Some Idoma women from Owukpa in Ogbadibo local government area of Benue State have risen against a recent change in their culture where a woman is now buried in her husband’s house against the extant culture where such deceased wife would be taken to her father’s house for interment.
It would be recalled that controversy recently trailed the decision by Owukpa elders and leaders to bend the extant culture, as a woman whose corpse was reportedly buried in her father’s house on her family’s insistence despite the new culture was later exhumed by some vigilantes mobilised by the traditional ruler, the Onomo of Owukpa, Chief Emmanuel Odeh.
The development further angered a section of Owukpa who protested to the traditional ruler of Idoma Land, Och'Idoma, Agabaidu Elias Ikoyi Obekpa in Otukpo Benue State. Their argument is that the extant tradition must not be tampered with, and as such, women must continue to be buried in their husband’s family homes.
According to a woman leader, Maria Adoyi, ‘’ this can’t happen during our time. We can’t just wake up at the middle of the night to change a known tradition whose roots can only be traced to our forefathers. Women must not allow this to happen, not in our time. The repercussion is grievous.’’
On the contrary, some women group who embarked on a solidarity march to the palace of the Onomo of Owukpa in Ukwo-centre said they were not comfortable with the burial tradition, saying the tradition was putting their womanhood to question.
Speaking on behalf of the women, their leader simply identified as Ogwa said, ‘’These women have decided to launch a major campaign against what they tagged ‘patriarchal dominance’ that has characterised the Idoma nation. Our agitation shows that we have seen reasons beyond what the Idoma men can see and we support the need to bend the old tradition of women burial that we now consider ominous, barbaric and unsophisticated, hence we are calling on the entire Idoma nation to revisit the old tradition of burial where a deceased woman is taken to her father’s house for burial.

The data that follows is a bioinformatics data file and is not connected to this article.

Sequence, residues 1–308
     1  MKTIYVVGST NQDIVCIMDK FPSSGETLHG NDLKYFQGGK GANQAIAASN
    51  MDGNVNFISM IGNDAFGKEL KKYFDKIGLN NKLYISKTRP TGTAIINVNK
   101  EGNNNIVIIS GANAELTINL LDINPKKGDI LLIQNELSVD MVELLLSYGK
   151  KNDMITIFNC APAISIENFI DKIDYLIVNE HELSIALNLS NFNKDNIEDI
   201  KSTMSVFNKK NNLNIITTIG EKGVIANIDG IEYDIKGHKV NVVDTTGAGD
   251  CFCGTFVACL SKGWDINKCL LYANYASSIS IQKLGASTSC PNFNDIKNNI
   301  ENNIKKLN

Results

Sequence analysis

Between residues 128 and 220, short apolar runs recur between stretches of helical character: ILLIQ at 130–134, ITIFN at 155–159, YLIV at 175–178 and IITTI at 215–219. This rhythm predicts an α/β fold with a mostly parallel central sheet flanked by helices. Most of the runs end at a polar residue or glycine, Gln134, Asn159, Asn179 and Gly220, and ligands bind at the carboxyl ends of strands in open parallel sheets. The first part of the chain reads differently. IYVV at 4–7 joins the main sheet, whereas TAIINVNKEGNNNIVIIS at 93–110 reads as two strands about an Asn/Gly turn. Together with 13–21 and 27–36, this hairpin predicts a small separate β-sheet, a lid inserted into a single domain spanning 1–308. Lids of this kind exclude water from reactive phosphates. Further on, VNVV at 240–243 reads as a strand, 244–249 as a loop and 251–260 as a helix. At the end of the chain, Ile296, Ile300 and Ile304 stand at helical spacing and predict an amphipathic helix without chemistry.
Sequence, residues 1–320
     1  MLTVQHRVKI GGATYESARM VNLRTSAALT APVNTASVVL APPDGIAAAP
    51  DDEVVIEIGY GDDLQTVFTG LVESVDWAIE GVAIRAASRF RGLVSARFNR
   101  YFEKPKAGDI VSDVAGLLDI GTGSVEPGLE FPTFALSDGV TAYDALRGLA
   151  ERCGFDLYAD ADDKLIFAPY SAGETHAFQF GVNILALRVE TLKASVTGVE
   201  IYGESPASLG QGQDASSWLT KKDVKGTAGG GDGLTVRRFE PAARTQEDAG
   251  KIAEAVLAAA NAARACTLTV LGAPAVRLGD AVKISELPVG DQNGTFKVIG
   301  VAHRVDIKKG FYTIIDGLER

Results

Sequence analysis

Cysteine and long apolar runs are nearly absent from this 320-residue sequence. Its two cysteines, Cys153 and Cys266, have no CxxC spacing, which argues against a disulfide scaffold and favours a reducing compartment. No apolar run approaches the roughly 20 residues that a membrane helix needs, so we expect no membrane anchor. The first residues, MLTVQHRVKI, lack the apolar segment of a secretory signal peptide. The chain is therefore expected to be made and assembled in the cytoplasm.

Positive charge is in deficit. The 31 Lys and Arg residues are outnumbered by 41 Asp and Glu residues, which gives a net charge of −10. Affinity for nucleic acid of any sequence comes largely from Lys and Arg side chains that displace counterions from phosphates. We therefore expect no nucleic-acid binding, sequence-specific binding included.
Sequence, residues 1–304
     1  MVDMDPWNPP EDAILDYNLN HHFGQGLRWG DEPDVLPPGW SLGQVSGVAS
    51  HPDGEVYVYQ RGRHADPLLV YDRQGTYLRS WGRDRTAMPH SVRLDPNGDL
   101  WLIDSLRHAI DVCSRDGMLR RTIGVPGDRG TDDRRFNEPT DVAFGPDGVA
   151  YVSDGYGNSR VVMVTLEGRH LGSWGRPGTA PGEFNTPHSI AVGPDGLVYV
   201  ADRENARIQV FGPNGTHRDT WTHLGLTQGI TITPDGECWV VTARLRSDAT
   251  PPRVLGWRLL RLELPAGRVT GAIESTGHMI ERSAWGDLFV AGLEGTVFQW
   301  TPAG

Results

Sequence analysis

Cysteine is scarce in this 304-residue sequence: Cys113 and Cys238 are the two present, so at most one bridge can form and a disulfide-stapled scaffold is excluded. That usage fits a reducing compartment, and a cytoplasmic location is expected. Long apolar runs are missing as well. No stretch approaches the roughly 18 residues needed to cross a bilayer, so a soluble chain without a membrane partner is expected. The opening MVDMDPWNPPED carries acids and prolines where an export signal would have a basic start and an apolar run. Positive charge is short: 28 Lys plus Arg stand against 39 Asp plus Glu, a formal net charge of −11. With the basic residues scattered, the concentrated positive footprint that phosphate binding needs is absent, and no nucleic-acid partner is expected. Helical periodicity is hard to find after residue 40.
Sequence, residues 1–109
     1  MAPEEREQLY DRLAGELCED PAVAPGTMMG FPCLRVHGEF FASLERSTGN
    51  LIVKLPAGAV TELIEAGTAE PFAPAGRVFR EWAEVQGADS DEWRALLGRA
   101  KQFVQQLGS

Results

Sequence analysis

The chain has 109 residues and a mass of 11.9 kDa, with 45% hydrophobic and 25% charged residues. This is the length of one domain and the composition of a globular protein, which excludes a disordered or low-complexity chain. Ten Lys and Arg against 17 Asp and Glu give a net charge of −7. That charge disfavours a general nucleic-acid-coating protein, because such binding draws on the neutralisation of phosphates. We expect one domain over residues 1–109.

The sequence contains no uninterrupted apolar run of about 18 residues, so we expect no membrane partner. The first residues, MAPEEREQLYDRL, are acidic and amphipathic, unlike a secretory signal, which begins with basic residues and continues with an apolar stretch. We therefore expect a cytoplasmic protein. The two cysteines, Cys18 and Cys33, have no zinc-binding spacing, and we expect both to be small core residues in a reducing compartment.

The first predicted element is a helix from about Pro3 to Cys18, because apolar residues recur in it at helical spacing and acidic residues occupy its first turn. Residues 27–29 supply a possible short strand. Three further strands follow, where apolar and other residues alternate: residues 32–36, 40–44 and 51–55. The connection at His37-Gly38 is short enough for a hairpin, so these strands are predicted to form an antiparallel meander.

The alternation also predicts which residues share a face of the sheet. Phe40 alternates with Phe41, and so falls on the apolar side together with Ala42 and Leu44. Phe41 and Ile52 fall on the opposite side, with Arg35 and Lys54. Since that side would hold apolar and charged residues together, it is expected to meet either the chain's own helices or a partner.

‘’We maintain that such tradition has put the traditional oath of marriage to question. It is only a display of dominance by the masculine gender over the Idoma women. Our point is that the Idoma marriage tradition is in agreement with the universal institution of marriage, which maintains the interminable union of two different genders, so why should the relationship end during burial? Why must corpses of women be taken away from the home they contributed in building?’’ they asked.
But confirming the disagreement, the Onomo of Owukpa, Chief Emmanuel Odeh, told reporters that some women from Ehaje in Owukpa protested to his palace and he was also later summoned by the Oche’ Idoma, over the issue. He, however, declined to speak further on the issue pending the outcome of the meeting he had earlier scheduled to have with Owukpa sons and daughters slated for September 10th, 2016.